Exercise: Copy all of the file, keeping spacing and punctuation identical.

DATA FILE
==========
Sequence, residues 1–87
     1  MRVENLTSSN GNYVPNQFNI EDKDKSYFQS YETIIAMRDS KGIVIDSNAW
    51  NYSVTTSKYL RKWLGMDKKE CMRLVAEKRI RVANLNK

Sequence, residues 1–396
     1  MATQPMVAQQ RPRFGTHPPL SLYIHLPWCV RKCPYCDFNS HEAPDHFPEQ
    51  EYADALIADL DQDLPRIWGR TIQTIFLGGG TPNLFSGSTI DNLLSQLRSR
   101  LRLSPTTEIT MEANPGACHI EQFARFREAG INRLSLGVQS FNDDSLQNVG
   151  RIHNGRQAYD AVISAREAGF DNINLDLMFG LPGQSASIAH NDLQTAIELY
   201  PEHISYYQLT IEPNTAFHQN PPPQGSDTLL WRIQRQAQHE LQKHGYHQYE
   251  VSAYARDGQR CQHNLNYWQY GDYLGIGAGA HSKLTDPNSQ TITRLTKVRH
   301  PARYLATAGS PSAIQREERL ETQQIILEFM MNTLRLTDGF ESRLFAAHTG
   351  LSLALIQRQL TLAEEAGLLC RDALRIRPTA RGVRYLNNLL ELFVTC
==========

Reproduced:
Sequence, residues 1–87
     1  MRVENLTSSN GNYVPNQFNI EDKDKSYFQS YETIIAMRDS KGIVIDSNAW
    51  NYSVTTSKYL RKWLGMDKKE CMRLVAEKRI RVANLNK

Sequence, residues 1–396
     1  MATQPMVAQQ RPRFGTHPPL SLYIHLPWCV RKCPYCDFNS HEAPDHFPEQ
    51  EYADALIADL DQDLPRIWGR TIQTIFLGGG TPNLFSGSTI DNLLSQLRSR
   101  LRLSPTTEIT MEANPGACHI EQFARFREAG INRLSLGVQS FNDDSLQNVG
   151  RIHNGRQAYD AVISAREAGF DNINLDLMFG LPGQSASIAH NDLQTAIELY
   201  PEHISYYQLT IEPNTAFHQN PPPQGSDTLL WRIQRQAQHE LQKHGYHQYE
   251  VSAYARDGQR CQHNLNYWQY GDYLGIGAGA HSKLTDPNSQ TITRLTKVRH
   301  PARYLATAGS PSAIQREERL ETQQIILEFM MNTLRLTDGF ESRLFAAHTG
   351  LSLALIQRQL TLAEEAGLLC RDALRIRPTA RGVRYLNNLL ELFVTC